Petroleum Crude Oil Vulnerability Index

A. EXPOSURE POTENTIAL
1. Time spent on or in water
5—Nearly always
4—Most of the time
3—Half of the time
2—Less than half of time
1—Seldom or never

2. Escape behavior
5—Dives
4—Swims, but sometimes dives
3—Swims
2—Flies, but sometimes swims
1—Flies

3. Primary foraging technique
5—Dives or is submersed in water
4—Dabbles in water
3—Probes mud
2—Skims surface of water
1—Does not forage in water

4. Preening or grooming behavior
5—Preens or grooms feathers or fur
1—Does not preen or groom

5. Exposure of eggs
5—Eggs laid in water
4—Eggs laid near water
3—Eggs laid away from water, transfer from adult likely
(e.g., waterbirds)
2—Eggs laid away from water, transfer from adult not
likely (e.g., turtles, terrestrial birds)
1—Does not lay eggs or does not breed in study area

6. Use of urbanized areas or shipping channels
5—Readily inhabits and/or forages in these areas
3—Occasionally utilizes these areas
1—Avoids these areas

7. Residency
5—Year-round resident (does not migrate)
4—Migrates within study area
3—Migrates beyond study area (present during breeding)
2—Migrates beyond study area (present during winter)
1—Transient (present during migration only)

8. Social structure
5—Highly colonial or gregarious
3—Semi-colonial or semi-gregarious
1—Solitary

9. Range
5—Present in small part of study area only
4—Present throughout less than half of study area
3—Present throughout about half of study area
2—Present throughout more than half of study area
1—Present throughout entire study area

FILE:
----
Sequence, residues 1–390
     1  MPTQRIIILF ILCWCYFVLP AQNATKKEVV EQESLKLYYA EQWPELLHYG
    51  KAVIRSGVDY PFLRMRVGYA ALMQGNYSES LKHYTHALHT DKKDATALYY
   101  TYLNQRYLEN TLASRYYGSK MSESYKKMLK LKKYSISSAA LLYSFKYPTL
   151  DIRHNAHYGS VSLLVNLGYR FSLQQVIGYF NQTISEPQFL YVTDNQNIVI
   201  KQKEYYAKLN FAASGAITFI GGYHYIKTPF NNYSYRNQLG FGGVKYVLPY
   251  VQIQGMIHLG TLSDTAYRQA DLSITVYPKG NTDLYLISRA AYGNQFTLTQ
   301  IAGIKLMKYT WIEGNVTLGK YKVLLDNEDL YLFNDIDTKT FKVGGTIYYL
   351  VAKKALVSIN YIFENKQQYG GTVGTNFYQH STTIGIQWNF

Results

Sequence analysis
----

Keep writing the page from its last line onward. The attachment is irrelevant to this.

B. SENSITIVITY
1. Effect of oil on waterproofing/insulation
5—Difficult to regain waterproofing/ insulation
(cormorants, diving ducks, most mammals)
3—Able to regain waterproofing
(shore birds, upland birds, other ducks)
1—Waterproofing/insulation not greatly affected
(reptiles, amphibians, seals, seas lions, cetaceans)

2. Feeding specialization
5—Highly specialized
4—Somewhat specialized
3—Moderately adaptable
2—Very adaptable
1—Generalist

3. Ability to metabolize and clear hydrocarbons
5—Low (fish-eating birds)
3—Moderate (other birds and mammals, reptiles)
1—High (rodents and lagomorphs, gallinaceous birds)

C. RESILIENCE OF POPULATION
1. Abundance in study area
5—Rare (Not normally present)
4—Occasional (Presence possible, but not expected)
3—Uncommon (Presence expected, but not a certainty)
2—Common (Certain to be in suitable habitat)
1—Abundant (Numerous in suitable habitat)

2. Distribution outside of study area
5—Endemic to study area
3—Present outside of study area, but not abundant
1—Abundant outside of study area

3. Reproductive potential
5—Low (1-2 offspring per year)
3—Moderate (3-4 offspring per year)
1—High (>4 offspring per year)

4. Age at first breeding
5—6+ years
4—5 years
3—4 years
2—3 years
1—1-2 years